There are dozens of “credit reporting agencies” out there, including industry-specific credit bureaus, but only three typically matter. They include:
These credit reporting agencies, also known as credit bureaus, are the largest in the United States and possibly the world. They are relied upon by major banks and lenders for most consumer credit reports and credit scores. They also sell credit reports and scores to consumers, so you might already recognize the names (3 credit scores).
What do the credit reporting agencies do?
Well, they do a few things. First off, credit reporting agencies collect consumer credit information from banks, creditors, and other lenders each month. Think of them as huge repositories of consumer information. This includes payment information, such as whether you made on-time payments or fell behind, and also how much you borrowed and how much credit you have available.
Every auto loan, lease, credit card, and mortgage payment is reported to one, two, or all three credit reporting bureaus. Applications for credit, known as credit inquiries, are also reported to these companies. And public records, such as bankruptcies, foreclosures, and tax liens, are collected as well.
They compile this information, known as your credit history, so creditors can determine what type of risk you pose. And it’s actually a two-way street. These same credit reporting agencies provide those same creditors with information about you when a credit inquiry is made. When the inquiry is made, the credit reporting agencies provide creditors with a credit report and credit score, using the data previously collected.
The credit score is based on an algorithm from either Fico score or VantageScore, which are the two biggest credit scoring companies out there. Without the collected information, the credit scoring algorithms would essentially be useless.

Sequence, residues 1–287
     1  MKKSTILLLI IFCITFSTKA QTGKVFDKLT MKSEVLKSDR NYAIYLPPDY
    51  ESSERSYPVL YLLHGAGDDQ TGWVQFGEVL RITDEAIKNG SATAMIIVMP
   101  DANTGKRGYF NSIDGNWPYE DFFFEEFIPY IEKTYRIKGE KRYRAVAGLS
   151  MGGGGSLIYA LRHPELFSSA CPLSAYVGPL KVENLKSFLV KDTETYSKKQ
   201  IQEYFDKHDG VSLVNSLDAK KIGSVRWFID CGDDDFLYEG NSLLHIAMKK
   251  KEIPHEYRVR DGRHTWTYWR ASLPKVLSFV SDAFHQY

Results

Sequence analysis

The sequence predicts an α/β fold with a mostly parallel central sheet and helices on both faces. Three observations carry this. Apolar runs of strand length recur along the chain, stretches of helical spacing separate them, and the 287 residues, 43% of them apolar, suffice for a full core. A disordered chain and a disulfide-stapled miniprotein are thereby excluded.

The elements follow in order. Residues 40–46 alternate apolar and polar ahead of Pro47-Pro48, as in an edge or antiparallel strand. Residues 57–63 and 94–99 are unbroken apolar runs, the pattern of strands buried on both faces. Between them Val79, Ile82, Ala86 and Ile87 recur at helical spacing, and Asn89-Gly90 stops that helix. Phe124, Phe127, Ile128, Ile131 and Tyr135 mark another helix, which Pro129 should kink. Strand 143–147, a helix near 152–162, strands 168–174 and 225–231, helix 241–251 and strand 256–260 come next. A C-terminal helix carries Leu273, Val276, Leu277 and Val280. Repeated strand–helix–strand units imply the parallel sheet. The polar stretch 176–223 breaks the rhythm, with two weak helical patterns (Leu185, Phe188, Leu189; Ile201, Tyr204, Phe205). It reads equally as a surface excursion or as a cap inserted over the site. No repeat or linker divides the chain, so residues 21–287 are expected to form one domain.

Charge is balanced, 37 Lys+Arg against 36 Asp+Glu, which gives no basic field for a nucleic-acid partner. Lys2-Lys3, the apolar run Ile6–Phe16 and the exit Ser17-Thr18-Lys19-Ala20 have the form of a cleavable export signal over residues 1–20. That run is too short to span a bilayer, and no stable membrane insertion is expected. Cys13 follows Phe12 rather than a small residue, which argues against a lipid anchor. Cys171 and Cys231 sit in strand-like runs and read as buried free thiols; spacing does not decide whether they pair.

The credit report contains all the information the credit reporting agencies collect. If your credit report happens to includes a credit score from each agency, it’s considered a “tri-merge credit report.” These are probably the most thorough credit reports you can receive, as you’ll know where you stand with all the major credit reporting agencies. This is important if the creditor in question happens to use the median score of all three, and also if they pull your credit with just one bureau.
Credit Reporting Agencies Report Differently
It’s common for credit scores to display some divergence because the credit reporting agencies report things differently. They receive data from your creditors at different times, and not all creditors send their information about you to all three. Finally, the credit reporting agencies define consumer tradelines differently, which skews the data. For these reasons, some creditors may want to know all three credit scores to ensure they didn’t miss anything. Mortgage lenders in particular are known for pulling tri-merge credit reports, so be forewarned.
Why are the credit reporting agencies important?
Banks, lenders, and credit card companies use the information credit reporting agencies collect to determine whether to extend credit to you or not. If the credit reporting agencies didn’t exist, creditors wouldn’t know much about the consumer applying for credit. Sure, they might know about their own customers, but how would they be able to gauge new customers? The data collected by these firms is hugely important in determining credit risk.
What this means is that every move you make credit-wise is documented, so be sure not to slip up. If you do, it will surely be noted and shared with other creditors. However, credit reporting agencies have been known to make mistakes as well, so be sure to scour your credit report for errors. If you do identify a discrepancy, you can dispute it with the credit reporting agencies directly on their respective websites. Doing so may boost your credit score dramatically, so be sure to stay on top of your credit!